The 18th Grand Slam title for Novak at Australian Open challenged once again the definition of what’s impossible – his achievement in the professional career of a tennis player, sports athlete and human being is at the very least out of this world. Rafael Nadal (also part of the big three in tennis) just recently equaled Roger’s record of 20th!!! Grand Slams (at the French Open in 2020). My love affair with tennis (and Rafa) dates back from long ago and I often encounter similarities between tennis and life in general. What’s more, several business and leadership lessons can be extracted as well.
In her article for Forbes Elena reminded me of the book “The Inner game of tennis.” Now I had to read it twice to tell you a few lessons you can take from it and use in your everyday life.
The book is about tennis and it’s not about tennis. Tennis is the medium to explore one of the biggest life questions – how to get better at what you are doing and how to be happy. It’s not the typical self-help book though. It speaks about the simple truths of life with easy to understand and actionable advice. If you are a tennis player or a fan you might like it better, but even if you don’t speak the language of tennis I believe you can totally relate.
In a nutshell, Timothy argues that in order to achieve mastery you should not only improve your skills as a tennis player – you should master the game inside your mind. This is the inner game and it is connected with obstacles such as lapses in concentration, nervousness, self-doubt and self-condemnation. Relaxed concentration, natural way of learning and not trying too hard are the pillars of the inner game.
This process does not have to be learnt, we already know it. All that is needed is to unlearn those habits which interfere with it and then to just let it happen.
The Two Selves:
According to Timothy our mind consists of two selves which are in constant conversations in our head: Self 1 and Self 2. Self 1 gives instructions, self 2 executes, self 1 gives evaluation of what’s happening. If we are to exceed in our endeavours we need to take good care and improve the relationship between our two selves. Self 2 is our unconscious mind and in order to communicate better with it we need to learn several internal skills:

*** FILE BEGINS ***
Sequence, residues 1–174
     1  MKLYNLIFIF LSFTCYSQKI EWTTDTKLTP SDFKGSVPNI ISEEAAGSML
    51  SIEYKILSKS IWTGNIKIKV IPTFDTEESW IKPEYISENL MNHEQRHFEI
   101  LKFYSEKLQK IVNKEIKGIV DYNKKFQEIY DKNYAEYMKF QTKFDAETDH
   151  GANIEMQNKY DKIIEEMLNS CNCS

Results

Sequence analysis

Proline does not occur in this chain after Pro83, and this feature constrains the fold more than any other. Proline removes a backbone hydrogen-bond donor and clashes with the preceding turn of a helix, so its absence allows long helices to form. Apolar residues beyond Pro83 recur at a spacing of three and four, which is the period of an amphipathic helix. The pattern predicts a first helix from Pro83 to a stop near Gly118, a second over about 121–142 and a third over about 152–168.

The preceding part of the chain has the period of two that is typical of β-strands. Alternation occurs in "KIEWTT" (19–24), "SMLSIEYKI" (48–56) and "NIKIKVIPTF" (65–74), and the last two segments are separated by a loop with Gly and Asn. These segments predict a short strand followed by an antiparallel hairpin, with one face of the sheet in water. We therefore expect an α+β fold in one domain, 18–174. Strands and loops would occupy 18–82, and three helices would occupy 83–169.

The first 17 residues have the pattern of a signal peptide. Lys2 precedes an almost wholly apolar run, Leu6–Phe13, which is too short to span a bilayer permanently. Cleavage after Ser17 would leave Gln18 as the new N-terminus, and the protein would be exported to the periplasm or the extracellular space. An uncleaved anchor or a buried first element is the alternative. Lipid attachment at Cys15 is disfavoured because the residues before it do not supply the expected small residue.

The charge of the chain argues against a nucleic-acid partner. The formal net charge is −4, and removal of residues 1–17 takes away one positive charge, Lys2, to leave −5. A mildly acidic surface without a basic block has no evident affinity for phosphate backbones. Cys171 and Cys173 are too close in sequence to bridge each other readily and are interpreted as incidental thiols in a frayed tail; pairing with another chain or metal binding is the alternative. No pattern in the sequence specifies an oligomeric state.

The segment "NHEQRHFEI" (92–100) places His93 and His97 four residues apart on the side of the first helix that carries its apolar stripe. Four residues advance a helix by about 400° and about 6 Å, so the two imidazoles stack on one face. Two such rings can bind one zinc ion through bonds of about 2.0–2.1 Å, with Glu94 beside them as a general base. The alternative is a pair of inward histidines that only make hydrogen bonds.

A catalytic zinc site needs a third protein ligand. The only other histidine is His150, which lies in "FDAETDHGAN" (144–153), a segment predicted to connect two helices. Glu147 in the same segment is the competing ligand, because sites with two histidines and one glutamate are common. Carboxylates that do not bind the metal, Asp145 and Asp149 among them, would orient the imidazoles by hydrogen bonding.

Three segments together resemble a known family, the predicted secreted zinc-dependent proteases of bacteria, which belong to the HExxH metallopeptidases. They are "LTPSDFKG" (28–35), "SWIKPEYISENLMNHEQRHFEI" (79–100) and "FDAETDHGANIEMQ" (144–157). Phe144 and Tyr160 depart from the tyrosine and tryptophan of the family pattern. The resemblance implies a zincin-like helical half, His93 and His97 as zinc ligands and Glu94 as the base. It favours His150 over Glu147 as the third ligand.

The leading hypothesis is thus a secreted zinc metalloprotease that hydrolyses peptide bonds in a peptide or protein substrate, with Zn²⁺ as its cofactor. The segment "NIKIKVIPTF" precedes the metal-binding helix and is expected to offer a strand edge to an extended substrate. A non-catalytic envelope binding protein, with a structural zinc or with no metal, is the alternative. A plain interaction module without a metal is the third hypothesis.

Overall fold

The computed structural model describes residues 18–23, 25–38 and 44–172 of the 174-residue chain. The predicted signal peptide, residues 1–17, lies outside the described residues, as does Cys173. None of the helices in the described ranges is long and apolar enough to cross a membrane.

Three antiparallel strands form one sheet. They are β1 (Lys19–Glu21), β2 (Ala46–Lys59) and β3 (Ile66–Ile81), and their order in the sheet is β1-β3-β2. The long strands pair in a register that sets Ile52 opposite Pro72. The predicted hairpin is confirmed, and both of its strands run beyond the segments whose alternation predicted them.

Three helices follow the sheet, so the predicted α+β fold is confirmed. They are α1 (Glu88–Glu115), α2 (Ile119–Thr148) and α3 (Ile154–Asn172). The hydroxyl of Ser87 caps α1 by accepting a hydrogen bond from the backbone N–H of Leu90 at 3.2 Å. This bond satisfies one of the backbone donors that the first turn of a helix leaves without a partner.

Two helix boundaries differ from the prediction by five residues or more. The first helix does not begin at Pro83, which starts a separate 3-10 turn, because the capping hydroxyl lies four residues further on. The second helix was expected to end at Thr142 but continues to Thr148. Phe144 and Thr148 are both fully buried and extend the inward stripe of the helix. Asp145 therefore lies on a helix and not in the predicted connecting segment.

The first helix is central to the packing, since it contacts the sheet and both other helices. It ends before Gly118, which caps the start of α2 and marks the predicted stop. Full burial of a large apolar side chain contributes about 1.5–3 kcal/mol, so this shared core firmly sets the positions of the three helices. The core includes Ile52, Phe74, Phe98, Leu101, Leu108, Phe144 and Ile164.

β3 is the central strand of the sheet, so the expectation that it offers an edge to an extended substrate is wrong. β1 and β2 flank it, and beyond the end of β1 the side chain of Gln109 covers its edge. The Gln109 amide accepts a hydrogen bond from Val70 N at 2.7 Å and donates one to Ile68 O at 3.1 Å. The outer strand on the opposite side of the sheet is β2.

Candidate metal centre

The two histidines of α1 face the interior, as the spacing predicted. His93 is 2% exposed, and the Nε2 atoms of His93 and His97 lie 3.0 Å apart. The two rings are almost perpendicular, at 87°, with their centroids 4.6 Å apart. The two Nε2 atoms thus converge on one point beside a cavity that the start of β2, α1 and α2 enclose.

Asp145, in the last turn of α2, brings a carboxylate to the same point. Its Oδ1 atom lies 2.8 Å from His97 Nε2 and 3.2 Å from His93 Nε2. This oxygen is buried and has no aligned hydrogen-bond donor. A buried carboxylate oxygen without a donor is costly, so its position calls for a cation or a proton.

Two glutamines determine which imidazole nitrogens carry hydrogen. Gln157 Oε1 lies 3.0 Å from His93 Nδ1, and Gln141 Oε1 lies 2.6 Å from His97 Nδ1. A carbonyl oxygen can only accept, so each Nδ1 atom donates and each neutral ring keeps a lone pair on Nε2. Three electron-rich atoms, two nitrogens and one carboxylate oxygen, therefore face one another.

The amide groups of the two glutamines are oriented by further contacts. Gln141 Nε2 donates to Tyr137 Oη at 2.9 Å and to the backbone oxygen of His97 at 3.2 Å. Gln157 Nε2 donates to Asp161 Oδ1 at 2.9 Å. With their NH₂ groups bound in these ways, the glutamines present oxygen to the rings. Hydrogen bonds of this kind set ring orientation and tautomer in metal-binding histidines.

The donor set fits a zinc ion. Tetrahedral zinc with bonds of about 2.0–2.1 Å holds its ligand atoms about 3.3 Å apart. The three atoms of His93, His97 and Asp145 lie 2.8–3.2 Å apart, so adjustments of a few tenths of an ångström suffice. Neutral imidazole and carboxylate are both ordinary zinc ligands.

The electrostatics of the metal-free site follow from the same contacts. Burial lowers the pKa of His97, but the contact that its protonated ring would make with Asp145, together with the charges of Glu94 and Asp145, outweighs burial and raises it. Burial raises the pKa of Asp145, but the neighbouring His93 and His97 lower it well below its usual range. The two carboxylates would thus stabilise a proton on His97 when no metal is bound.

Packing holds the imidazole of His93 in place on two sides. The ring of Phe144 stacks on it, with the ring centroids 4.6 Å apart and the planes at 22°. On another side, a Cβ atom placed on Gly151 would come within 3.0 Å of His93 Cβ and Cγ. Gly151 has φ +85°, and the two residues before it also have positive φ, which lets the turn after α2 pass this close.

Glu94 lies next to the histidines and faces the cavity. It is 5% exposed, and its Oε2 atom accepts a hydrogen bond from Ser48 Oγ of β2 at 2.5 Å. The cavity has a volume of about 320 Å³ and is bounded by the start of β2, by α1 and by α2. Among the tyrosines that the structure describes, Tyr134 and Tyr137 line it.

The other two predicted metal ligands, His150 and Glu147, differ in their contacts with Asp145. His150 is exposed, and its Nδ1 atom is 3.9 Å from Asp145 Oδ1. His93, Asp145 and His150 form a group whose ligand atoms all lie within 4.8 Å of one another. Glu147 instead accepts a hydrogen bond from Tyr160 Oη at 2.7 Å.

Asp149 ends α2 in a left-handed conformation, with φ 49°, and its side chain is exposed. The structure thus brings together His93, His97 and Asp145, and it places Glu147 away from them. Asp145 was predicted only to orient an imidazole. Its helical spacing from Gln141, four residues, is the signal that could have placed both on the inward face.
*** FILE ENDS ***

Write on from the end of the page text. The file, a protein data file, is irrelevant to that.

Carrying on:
- Visualize the desired outcomes with the clearest possible picture
- Trust self 2 to perform at its best and learn from both successes and failures
- Perceive everything non-judgmentally
I would stress only on the third point because self-judgment becomes more and more an issue in our personal and professional development. Self-judgment is the quickest road to sabotaging our own efforts to succeed and our assessment of failures, goals and relationships. Timothy assigns judgment to our ego and personal reactions to the external and internal world which is limited within our own experience. Our ego is strong because it gives us the wrong impression of taking control on the situation.
To be clear – self 1 is the main director and slave of judgments.
On the importance of playing in the present moment: It’s not surprising to put sport and mindfulness in one sentence. Doing sport activities as part of a competition or as an amateur is one of the shortest routes to self-awareness – living in the moment, here and now. Some compare meditation with writing, others like the author of the book sees playing tennis in the present moment as the main prerequisite to good work. Self-awareness requires a non-judgmental mind and the trust that you are not your tennis game, you are not your body.
On changing habits: Timothy reminds us of how children cope with life challenges. He does not recommend us to focus on fighting the bad habits but on starting new ones.
Why do we teach our kids and promote achievement as the only way to success? Why do we assess people according to their accomplishments? The book ponders on the philosophy of being a human – are we worthy of respect only if we succeed?
Value of a human being cannot be measured by performance – or any other arbitrary measurements. We are what we are, not how well we happen to perform at a given moment. The score does not define us nor give me cause to consider myself more or less than I was before the match.
The question of self-value has bothered me for the last couple of years – I, myself, struggled with attaching my identity to my business and it is a common thread in the entrepreneurial journeys.
One self-help tip I admire is the concept of the broken self – we are always on the lookout to fix ourselves, as if we are broken. And all problems deepen with our attempts to compensate whatever we think we lack. The author concludes: The cornerstone of stability is to know that there is nothing wrong with the essential human being.
Change. The end.
No matter whether you are a Greenpeace activist or the founder of one the most inspiring companies in the world change is never a one time event, it does not go in one direction and it definitely does not come easy. Or fast.
But change does not happen in a balloon – it might be or seem as a lonely event but in reality we are not alone. The wisdom comes from the realization that there isn’t a difference:
It is a process of self-discovery that naturally makes its own contribution to the whole as we learn to make the basic contribution to ourselves.
Are we still talking about tennis? I am not quite sure but the inner game never ends. Just Keep Playing.